This doesn’t just mean that nonprofits — for whom the .org top-level domain was created — will pay higher prices to maintain their domains, and it doesn’t just mean that private equity funds — rather than a transparent, nonprofit NGO — will be able to censor what gets posted to .org domains, by kicking out any domain that it doesn’t like (remember when everyone was cheering because Nazi websites were being stripped of their domain names by registrars? This cuts both ways: if registrars have the power and duty to respond to speech they object to by taking away organizations’ domains, then that duty and power also applies to billionaires and private equity-appointed administrators).

    • Monopolies

      • Copyrights

        • Millions in Crypto & Cash Seized in Movie Piracy Investigation

          Police in New Zealand have reportedly seized $6.7m in cryptocurrency and $1.1m in cash as part of a money laundering investigation. According to a local report, a man from Hamilton allegedly received the funds from a US-based movie piracy site he helped to create. PayPal noticed unusual activity on an account linked to the suspect and reported the case to the IRS.

        • Microsoft Leaves Anti-Piracy Group After it Scolded EFF’s New Board Chair

          Microsoft has cut its ties with anti-piracy group CreativeFuture, after the group criticized the copyright track record of the new EFF board chair. This decision didn’t sit well with CreativeFuture, which wrote a scathing letter arguing that Microsoft is turning its back on the copyright industries that helped the company to thrive.

Prof. Moglen on Privacy and Social Control Media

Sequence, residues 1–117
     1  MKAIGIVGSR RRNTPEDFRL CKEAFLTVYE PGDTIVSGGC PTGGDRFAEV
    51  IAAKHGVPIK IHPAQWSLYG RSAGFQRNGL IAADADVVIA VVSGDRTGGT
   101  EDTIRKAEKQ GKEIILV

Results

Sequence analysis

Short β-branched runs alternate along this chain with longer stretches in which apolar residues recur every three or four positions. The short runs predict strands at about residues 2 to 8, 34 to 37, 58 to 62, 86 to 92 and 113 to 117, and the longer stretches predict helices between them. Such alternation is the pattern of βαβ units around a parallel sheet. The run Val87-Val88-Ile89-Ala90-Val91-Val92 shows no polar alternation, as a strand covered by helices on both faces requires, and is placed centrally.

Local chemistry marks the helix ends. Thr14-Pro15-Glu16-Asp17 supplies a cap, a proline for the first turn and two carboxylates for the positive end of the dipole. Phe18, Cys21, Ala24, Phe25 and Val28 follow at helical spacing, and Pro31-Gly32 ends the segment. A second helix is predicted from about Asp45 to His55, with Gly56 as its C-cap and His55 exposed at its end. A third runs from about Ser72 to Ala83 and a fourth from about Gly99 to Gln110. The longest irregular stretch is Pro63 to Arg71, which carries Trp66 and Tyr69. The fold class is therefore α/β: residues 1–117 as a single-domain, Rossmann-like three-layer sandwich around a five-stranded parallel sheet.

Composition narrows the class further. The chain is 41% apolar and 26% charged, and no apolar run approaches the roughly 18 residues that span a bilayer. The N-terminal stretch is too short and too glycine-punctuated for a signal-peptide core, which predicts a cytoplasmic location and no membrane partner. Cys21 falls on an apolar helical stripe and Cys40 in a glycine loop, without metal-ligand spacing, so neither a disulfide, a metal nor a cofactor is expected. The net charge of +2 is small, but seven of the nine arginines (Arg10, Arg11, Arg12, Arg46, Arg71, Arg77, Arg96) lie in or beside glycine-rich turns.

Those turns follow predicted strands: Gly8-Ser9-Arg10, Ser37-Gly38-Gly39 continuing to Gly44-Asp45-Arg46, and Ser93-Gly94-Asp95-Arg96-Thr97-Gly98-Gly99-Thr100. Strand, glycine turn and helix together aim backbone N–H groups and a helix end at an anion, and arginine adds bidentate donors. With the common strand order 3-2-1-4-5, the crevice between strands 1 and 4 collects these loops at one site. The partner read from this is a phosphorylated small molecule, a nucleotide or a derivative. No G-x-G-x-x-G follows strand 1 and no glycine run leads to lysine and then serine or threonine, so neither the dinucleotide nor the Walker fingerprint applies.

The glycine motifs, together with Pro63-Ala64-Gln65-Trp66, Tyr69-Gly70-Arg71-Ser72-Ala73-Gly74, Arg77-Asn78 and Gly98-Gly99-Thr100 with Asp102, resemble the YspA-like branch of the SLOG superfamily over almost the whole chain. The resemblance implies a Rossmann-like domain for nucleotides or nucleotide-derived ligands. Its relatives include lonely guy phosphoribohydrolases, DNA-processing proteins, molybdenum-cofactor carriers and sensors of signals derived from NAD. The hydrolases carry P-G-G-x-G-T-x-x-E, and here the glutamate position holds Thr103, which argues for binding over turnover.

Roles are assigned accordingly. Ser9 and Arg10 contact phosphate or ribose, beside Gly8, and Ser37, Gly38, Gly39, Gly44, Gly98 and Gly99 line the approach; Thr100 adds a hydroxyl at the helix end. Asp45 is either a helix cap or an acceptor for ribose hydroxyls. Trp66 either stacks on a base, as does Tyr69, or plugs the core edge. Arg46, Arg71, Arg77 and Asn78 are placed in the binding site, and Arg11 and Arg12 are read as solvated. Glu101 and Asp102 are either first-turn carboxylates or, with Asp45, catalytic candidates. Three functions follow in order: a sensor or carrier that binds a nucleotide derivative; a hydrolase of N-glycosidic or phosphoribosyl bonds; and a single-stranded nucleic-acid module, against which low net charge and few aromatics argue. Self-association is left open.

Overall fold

Posted in Videos at 5:29 am by Dr. Roy Schestowitz

Source/direct: re:publica 2019 – Eben Moglen: Why Freedom of Thought Requires Attention

Microsoft Will Never Love Linux Because It Cannot

Posted in GNU/Linux, Microsoft at 4:59 am by Dr. Roy Schestowitz

“IF the powerful people love Linux so much, why are the central figures behind this achievement under attack? WHY?”Tom Grz

Attack Linux to sell Windows; Show you love Linux

Summary: Microsoft’s actions — not words — suggest an ongoing effort to extinguish GNU/Linux, not to “embrace” or to “love” it

THERE are some things that cannot change, for instance Microsoft's loyalty to Windows.

"Microsoft 'Loves Linux' So Much That It Lobbies Huawei Against GNU/Linux," we wrote upon media reports about the lobbying. “Apparently Microsoft “loves Linux” so much that it’s complaining to the US government only when foreign firms move to GNU/Linux.”

“When Huawei switches to Linux,” one reader told us this weekend, “Microsoft bites and scratches to get an exemption to trade with them again…”

“Because Microsoft Loves Linux funerals.”Citing “Microsoft granted license to trade software with Huawei,” he thought this was funny. To quote: “Following the ban, two three-month license extensions were approved, one in May and the other in August.”

Because Microsoft Loves Linux funerals.

“They love WSL… that’s it,” told us a person who used to work for Microsoft. “Since Windows is basically dead, I can see them releasing their own Linux distro.”

Where’s Linux Foundation in all this? Well, they don’t even use GNU/Linux! So do they care about anything but money? Remember that to these people GNU/Linux advocacy is like "religion"; the guy they put in charge of Linux.com tweets almost every day about his “Macs”. Talk about “religion”…

IRC Proceedings: Saturday, November 23, 2019

Posted in IRC Logs at 2:55 am by Needs Sunlight